Z: I think for certain people it evokes the thought of someone who sews his own clothes while butchering his own meat and speaking fluent Portuguese, but I think it's simpler than that. To me, it's anyone who knows what he likes and makes his own decisions to come up with how he leads his life. Everyone from guys who throw off the shackles of a 9-to-5 to sail around the world to someone who decides for himself what kind of man he is could be considered.

9. Aside from running the two locations, what else do you like to do in your spare time?

Z: I try to stay on top of my writing and I take freelance work whenever I can fit it in, but I spend an inordinate amount of time riding around the city on a Citibike, eating at ramen shops, getting random certifications (I'm a notary public and soon to be Cicerone), trying to become a better cook in my tiny kitchen, writing and then deleting screenplays, trying to find any way to get to a beach, and drinking coffee. Isn't living in New York City basically a hobby in and of itself?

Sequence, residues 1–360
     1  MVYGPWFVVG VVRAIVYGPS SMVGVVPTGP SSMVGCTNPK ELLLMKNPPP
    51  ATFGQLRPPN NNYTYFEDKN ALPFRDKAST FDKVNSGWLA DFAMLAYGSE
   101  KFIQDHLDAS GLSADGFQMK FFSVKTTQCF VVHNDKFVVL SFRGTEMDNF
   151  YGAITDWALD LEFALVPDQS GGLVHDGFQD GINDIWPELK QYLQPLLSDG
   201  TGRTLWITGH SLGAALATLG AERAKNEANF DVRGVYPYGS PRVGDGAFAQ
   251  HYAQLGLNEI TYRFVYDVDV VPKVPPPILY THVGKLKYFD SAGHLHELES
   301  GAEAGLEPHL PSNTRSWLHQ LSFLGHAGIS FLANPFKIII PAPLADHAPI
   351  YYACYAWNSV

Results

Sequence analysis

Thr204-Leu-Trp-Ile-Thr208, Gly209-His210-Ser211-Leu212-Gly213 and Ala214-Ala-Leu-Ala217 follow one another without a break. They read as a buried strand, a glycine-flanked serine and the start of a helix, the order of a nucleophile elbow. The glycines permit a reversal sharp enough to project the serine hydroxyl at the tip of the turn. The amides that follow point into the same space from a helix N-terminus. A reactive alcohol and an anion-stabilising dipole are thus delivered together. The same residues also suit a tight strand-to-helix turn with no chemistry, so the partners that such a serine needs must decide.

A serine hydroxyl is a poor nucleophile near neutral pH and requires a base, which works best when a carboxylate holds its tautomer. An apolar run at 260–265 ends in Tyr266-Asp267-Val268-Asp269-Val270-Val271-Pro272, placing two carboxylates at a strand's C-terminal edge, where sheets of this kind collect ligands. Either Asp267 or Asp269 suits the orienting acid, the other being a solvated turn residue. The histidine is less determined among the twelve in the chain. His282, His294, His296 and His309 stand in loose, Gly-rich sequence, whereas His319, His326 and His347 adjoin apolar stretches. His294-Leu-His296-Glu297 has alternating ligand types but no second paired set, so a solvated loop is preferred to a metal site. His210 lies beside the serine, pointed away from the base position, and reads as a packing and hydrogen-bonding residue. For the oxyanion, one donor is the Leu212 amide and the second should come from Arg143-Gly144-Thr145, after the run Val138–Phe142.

10. If you could have any super power, what would it be and why?

Z: An ex-girlfriend always used to tell me that my super power was that I never get hangovers. It's a pretty heavy responsibility having such an incredible power already, but if I could add another one to my arsenal, it would be the ability to talk to dogs. I love dogs so much.

Is this real life? A vast array of bottled beers and quality food.

 

A big thank you to Kyle Dorosz for the beautiful photograhy. 

Tagged: Bedford and Broome, beer, East Village, NYC, Real Life Renaissance Men, Renaissance Man, wine

Comments


Warchild
May 01, 2014

Warchild

Two great establishments I was fortunate enough to knock back plenty of good times in for two weeks last year while in NYC. Volcano (David) and Zach are masters of their trade.

Lynn Eakes
April 30, 2014

Lynn Eakes

On my first ever visit to NYC recently, I visited both establishments and met the owners. Besides having a carefully selected variety of wine and beer, both David and Zack have created a welcoming atmosphere in their businesses. Great article about two deserving young businessmen!